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Fractures
What is it?
Fracture is when there is a break in the continuity of the bone. Fracture, break, crack etc all mean the same thing.
Bone is an amazing living structure. It is perhaps the only structure that heals itself without forming ‘scar’ tissue. For example, if have a cut on your skin, you will heal with scar tissue; and so will you if you damage brain or kidney and will not form back normal tissue. So be reassured; if you break a bone and if it can heal, then what you get is your normal bone structure and not a bridge of scar tissue. The bone generally returns back to normal strength as well.
How does this happen?
Bone has an unique property called “visco-elasticity”.
If a force is applied to the bone ‘slowly’, it deforms and bends. Once the force is removed, it returns back to normal state. If the force is not removed, the bone structure adapts to it.
If a force is applied rapidly, then bone behaves differently. It becomes very stiff and resists deformation. When the force exceeds the capacity of the bone, then it breaks resulting in fracture.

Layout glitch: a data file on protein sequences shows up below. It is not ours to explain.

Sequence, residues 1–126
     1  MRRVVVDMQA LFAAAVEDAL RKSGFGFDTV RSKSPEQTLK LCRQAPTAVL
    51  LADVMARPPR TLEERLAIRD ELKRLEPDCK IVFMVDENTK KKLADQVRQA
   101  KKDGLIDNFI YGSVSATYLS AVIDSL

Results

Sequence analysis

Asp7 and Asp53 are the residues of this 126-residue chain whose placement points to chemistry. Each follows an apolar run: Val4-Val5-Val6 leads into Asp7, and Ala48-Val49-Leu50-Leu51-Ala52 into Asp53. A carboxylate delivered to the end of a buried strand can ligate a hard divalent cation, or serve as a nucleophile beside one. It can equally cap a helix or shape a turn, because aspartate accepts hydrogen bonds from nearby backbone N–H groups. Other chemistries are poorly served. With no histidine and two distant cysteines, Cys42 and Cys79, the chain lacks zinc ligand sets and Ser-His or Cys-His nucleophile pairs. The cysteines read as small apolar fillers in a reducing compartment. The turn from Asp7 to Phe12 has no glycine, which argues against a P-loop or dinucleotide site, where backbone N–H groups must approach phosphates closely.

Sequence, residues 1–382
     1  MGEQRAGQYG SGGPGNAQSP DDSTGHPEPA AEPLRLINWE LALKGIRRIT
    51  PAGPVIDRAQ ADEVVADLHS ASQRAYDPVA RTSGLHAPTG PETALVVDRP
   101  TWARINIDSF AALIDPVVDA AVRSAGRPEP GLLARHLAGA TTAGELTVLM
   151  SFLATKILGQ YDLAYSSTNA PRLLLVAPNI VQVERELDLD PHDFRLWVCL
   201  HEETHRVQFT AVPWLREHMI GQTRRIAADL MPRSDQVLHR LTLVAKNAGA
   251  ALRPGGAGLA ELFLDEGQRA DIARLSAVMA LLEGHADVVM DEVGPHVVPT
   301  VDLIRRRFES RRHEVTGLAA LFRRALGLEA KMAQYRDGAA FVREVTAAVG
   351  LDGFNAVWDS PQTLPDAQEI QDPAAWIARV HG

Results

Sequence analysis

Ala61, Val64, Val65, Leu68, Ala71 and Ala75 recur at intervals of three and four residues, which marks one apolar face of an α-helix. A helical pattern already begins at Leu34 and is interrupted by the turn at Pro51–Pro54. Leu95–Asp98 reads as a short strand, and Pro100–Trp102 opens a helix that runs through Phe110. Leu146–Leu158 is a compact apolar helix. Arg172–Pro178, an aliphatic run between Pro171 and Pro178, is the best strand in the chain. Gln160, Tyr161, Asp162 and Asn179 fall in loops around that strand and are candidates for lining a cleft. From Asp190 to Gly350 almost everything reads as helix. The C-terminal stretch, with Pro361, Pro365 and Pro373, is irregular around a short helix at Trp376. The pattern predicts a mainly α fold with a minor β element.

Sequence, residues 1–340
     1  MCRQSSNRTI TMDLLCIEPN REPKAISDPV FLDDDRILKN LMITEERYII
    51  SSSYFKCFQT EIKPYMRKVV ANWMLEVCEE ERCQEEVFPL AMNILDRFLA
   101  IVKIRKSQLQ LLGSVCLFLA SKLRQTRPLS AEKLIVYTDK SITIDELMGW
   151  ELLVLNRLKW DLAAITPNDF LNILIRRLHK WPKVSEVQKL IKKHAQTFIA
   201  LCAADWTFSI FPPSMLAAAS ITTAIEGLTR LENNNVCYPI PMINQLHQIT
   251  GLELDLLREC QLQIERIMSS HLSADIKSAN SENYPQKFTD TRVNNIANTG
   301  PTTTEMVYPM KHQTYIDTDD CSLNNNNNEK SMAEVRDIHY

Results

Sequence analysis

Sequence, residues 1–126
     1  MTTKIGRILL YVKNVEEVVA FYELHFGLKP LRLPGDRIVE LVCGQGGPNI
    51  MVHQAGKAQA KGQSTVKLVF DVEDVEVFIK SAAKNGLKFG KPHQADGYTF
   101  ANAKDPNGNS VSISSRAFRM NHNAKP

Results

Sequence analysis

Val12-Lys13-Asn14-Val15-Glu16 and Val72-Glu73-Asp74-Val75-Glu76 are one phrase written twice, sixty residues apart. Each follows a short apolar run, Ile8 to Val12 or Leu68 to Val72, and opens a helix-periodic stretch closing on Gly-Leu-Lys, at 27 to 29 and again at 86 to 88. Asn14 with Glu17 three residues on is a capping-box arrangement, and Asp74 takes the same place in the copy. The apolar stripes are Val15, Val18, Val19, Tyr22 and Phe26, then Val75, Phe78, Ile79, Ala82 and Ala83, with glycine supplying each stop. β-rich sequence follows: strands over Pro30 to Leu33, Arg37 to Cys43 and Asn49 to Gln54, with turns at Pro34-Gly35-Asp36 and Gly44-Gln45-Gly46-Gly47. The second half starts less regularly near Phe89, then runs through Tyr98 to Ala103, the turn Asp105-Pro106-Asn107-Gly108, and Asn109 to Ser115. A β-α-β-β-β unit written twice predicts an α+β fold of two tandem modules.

If a repetitive and slowly deforming force is applied to the bone, then it responds by forming additional ‘layers’ which can be seen on x-ray. We sometimes refer to this as ‘sclerosis’ or osteophyte formation or as thickening of the cortex of the bone.
Examples:
There are 206 bones in adult body. I have acquired skill in managing complex fractures of upper limb including clavicle, scapula, humeral head, humeral shaft, elbow, forearm, wrist bones and hand bones. When on-call for trauma cover, I also routinely deal with lower limb fractures affecting hips, femur, knee, tibia and foot and ankle.